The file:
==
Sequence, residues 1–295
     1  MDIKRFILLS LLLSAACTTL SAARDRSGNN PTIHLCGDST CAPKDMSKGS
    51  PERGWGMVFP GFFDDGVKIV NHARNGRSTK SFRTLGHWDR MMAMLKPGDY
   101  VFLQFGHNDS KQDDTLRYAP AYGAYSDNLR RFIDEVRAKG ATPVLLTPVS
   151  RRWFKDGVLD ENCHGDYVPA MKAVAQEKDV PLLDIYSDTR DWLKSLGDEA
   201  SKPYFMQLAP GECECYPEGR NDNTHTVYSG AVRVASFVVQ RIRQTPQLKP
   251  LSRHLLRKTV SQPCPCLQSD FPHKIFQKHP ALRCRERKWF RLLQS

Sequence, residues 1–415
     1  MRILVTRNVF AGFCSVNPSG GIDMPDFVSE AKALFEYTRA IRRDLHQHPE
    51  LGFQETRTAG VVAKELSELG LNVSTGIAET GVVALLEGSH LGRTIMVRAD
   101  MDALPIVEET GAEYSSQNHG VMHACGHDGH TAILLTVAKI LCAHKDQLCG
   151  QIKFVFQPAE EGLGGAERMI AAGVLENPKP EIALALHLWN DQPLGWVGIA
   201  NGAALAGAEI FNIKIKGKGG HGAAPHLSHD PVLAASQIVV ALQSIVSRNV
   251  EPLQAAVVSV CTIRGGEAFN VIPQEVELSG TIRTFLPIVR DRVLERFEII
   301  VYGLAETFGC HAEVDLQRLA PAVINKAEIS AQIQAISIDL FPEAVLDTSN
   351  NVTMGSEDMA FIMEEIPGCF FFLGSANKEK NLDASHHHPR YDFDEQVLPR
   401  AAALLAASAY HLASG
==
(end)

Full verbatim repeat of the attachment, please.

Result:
Sequence, residues 1–295
     1  MDIKRFILLS LLLSAACTTL SAARDRSGNN PTIHLCGDST CAPKDMSKGS
    51  PERGWGMVFP GFFDDGVKIV NHARNGRSTK SFRTLGHWDR MMAMLKPGDY
   101  VFLQFGHNDS KQDDTLRYAP AYGAYSDNLR RFIDEVRAKG ATPVLLTPVS
   151  RRWFKDGVLD ENCHGDYVPA MKAVAQEKDV PLLDIYSDTR DWLKSLGDEA
   201  SKPYFMQLAP GECECYPEGR NDNTHTVYSG AVRVASFVVQ RIRQTPQLKP
   251  LSRHLLRKTV SQPCPCLQSD FPHKIFQKHP ALRCRERKWF RLLQS

Sequence, residues 1–415
     1  MRILVTRNVF AGFCSVNPSG GIDMPDFVSE AKALFEYTRA IRRDLHQHPE
    51  LGFQETRTAG VVAKELSELG LNVSTGIAET GVVALLEGSH LGRTIMVRAD
   101  MDALPIVEET GAEYSSQNHG VMHACGHDGH TAILLTVAKI LCAHKDQLCG
   151  QIKFVFQPAE EGLGGAERMI AAGVLENPKP EIALALHLWN DQPLGWVGIA
   201  NGAALAGAEI FNIKIKGKGG HGAAPHLSHD PVLAASQIVV ALQSIVSRNV
   251  EPLQAAVVSV CTIRGGEAFN VIPQEVELSG TIRTFLPIVR DRVLERFEII
   301  VYGLAETFGC HAEVDLQRLA PAVINKAEIS AQIQAISIDL FPEAVLDTSN
   351  NVTMGSEDMA FIMEEIPGCF FFLGSANKEK NLDASHHHPR YDFDEQVLPR
   401  AAALLAASAY HLASG